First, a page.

The United States maintained formal neutrality during the first two years of World War II, only becoming a part of the war after the surprise Japanese attack on Pearl Harbor on 7 December 1941.
Within a few days, on 11 December 1941, the Germans declared war on the United States, heralding the beginning in January 1942 of the “Second Happy Time” wherein German U-boats attacked U.S. merchant ships and naval vessels.
The U-123 sailed from Germany to patrol American waters on 2 March 1942 as part of the Second Drumbeat Patrol. 28-year-old German Captain Reinhard Hardegen was in command. Hardegen was not new to this drill: stay hidden, submerged within the sea, and lie in wait for the merchant ships that frequented the coast. Hardegen had already been awarded for his efforts in the first phase of Operation Drumbeat.
Many of these ships voyaged without escorts or naval air support and were thus vulnerable to U-boat attacks, save for their defensive guns, which were largely ineffective in a surprise attack situation.
Hardegen attempted to sink the U.S. tanker Liebre, but was thwarted by another approaching vessel, which forced him to abandon his assault on the very badly damaged ship on April 1.
Hardegen’s next attack would become the most famous among his assaults. It was an event that rocked Jacksonville Beach on 10 April 1942, while the inhabitants of Florida were enjoying their weekend, safe and carefree from the war that was being fought on the other side of the globe.
The SS Gulfamerica steam tanker had just departed on its maiden voyage from Port Arthur, Texas to New York, and was briskly sailing past Jacksonville Beach in the late evening–and it was carrying 90,000 barrels of furnace oil.
That Friday evening had just been like any other for the U.S. citizens during the Second World War and for the citizens of Florida, Jacksonville Beach was as a good a place as any other to have a relaxing night out.
The sea was illuminated by the bright and colorful lights of the city, and from inside the SS Gulfamerica, Captain Oscar Anderson and his crew observed the beautiful scene. They didn’t notice the U-123 which had been stalking them for over an hour.
Hardegan followed the ship stealthily, taking care to avoid detection until he was close enough to fire a torpedo with a minimal chance of missing his mark. His sole aim was to prevent the cargo of oil from reaching the British.
Lit up by the city to its right, the SS Gulfamerica was an easy target for Hardegen, and his first shot took the tanker apart.
Immediately, Anderson and his fellow officers knew that they were under attack. They had heard about the frequent attacks that took place on the coast and had hoped for a safe passage, but even so, Captain Anderson had spent the past two hours employing the evasive naval technique of zig-zagging, in a bid to throw off any enemy that might have been on their trail. The steam tanker had only just resumed a straight course around 10:00 PM.
The blow from the G7e torpedo came not more than twenty minutes later, sending a large explosive sound across the beach. People saw the brightness of the fire that followed the explosion, and rushed out to get a better view of the situation.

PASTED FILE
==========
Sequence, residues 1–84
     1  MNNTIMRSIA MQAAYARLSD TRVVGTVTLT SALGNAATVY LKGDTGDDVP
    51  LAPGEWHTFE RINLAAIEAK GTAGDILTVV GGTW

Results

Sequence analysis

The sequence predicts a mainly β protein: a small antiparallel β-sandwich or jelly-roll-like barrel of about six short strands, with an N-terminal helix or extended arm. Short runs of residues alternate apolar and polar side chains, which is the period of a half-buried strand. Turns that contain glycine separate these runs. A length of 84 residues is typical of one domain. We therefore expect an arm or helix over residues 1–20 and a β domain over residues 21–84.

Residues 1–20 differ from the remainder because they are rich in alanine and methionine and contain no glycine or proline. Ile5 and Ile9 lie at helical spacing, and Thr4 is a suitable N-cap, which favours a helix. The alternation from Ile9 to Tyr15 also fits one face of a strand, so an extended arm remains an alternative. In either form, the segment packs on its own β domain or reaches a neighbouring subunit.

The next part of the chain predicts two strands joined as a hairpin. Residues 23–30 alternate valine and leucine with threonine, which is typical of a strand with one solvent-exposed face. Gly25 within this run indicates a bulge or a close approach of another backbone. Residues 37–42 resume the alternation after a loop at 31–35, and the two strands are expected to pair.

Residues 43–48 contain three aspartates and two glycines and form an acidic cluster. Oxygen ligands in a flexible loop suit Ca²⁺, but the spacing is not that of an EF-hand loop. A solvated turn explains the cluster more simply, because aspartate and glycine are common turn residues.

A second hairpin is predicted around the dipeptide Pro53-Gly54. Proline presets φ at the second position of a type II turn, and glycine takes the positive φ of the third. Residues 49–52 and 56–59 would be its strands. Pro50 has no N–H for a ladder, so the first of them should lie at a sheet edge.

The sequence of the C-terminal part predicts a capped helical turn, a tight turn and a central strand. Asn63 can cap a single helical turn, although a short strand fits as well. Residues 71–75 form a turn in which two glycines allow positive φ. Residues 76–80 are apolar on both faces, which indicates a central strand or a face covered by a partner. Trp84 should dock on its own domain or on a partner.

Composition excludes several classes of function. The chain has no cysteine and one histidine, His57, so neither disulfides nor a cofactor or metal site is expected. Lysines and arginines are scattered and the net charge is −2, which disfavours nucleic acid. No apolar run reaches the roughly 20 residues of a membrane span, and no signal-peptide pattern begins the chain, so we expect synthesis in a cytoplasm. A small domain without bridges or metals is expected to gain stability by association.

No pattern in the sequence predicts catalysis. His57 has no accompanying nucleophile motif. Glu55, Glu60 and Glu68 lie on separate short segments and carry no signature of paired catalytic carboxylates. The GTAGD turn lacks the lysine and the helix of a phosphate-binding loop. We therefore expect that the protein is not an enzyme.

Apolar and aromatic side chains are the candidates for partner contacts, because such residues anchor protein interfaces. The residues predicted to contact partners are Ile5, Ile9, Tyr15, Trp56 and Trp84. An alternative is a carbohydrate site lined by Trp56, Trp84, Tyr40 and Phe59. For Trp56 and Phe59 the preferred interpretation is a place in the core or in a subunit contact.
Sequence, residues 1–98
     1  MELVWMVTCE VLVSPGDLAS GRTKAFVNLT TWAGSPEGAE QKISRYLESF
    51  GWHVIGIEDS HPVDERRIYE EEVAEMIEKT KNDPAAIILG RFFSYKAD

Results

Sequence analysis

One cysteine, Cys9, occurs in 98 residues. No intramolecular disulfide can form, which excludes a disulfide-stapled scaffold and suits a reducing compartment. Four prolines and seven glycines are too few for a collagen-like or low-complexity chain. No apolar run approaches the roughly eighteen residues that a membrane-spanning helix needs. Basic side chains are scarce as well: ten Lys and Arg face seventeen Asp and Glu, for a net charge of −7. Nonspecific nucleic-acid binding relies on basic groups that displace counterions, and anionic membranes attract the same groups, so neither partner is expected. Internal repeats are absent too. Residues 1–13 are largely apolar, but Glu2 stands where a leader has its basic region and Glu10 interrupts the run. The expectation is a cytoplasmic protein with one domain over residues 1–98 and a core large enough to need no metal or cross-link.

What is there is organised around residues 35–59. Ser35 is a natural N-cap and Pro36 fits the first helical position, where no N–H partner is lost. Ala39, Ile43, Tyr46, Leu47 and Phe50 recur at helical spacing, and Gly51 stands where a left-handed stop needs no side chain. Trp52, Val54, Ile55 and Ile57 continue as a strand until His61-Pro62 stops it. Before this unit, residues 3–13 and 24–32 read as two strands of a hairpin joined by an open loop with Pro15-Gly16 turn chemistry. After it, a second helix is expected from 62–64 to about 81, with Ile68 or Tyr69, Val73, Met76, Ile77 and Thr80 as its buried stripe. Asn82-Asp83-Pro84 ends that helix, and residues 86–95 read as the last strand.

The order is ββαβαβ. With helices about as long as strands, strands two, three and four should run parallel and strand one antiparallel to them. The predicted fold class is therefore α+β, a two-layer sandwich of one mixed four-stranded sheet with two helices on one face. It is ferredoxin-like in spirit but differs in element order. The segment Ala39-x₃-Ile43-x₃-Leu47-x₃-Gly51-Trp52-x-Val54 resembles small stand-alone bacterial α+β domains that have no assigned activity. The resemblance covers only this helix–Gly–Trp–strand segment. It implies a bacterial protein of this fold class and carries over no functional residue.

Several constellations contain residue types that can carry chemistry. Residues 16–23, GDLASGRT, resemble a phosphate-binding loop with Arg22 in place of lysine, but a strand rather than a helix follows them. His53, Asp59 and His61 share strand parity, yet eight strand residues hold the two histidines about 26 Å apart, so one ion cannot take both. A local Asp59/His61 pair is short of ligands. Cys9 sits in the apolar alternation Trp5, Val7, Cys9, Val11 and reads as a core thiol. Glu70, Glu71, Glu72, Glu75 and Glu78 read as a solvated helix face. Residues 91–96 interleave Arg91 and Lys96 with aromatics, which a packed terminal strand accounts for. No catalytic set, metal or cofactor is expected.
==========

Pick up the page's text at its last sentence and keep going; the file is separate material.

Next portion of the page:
Aware of the disturbance he had caused on shore, Hardegen was not going to lose his small window of opportunity to finish off the tanker. He immediately swung the U-123 around to cut off the onlookers and avoid civilian casualties from the gunfire which he was about to unleash.
Hardegen wasted no time in executing this manuever, and with the sailors of the Gulfamerica still reeling from the hit that shook their transport, Anderson did not have enough time to retaliate with the .50 caliber guns of the tanker. Assessing the situation, Anderson determined it best to abandon the flaming ship.
While Anderson gave the order to abandon ship, the radio operator sent out distress calls, before proceeding to leave in an orderly fashion as instructed. Hardegen would not allow his efforts to be in vain once again, having learned from his previous experience with the Liebre.
He shot at the Gulfamerica‘s radio antenna with the anti-aircraft gun on the U-boat, albeit after the distress call had already been made, after which he fired some shots from the U-boat’s 88mm deck gun for close to a minute before sailing away.
The SS Gulfamerica‘s crew consisted of 8 officers, 33 crew-members, and 7 guards. Of that number, 2 officers, 15 crew-members and 2 guards were lost to the attack. Five of them died in the initial torpedo hit while fourteen others died from drowning.
Survivors of the event were picked up by U.S. Coastal Patrol boats and taken to nearby Mayport, Florida. Four days later the SS Gulfamerica sank, 65 feet under water.
The era of U-boat assaults on shipping would continue further into the year, causing the U.S. to make revisions to the eastern seaboard routes for merchant ships.
Wartime British prime minister Winston Churchill later stated that the U-boat peril was the only thing that ever really frightened him during the World War, and this sentiment was shared by many U.S. citizens.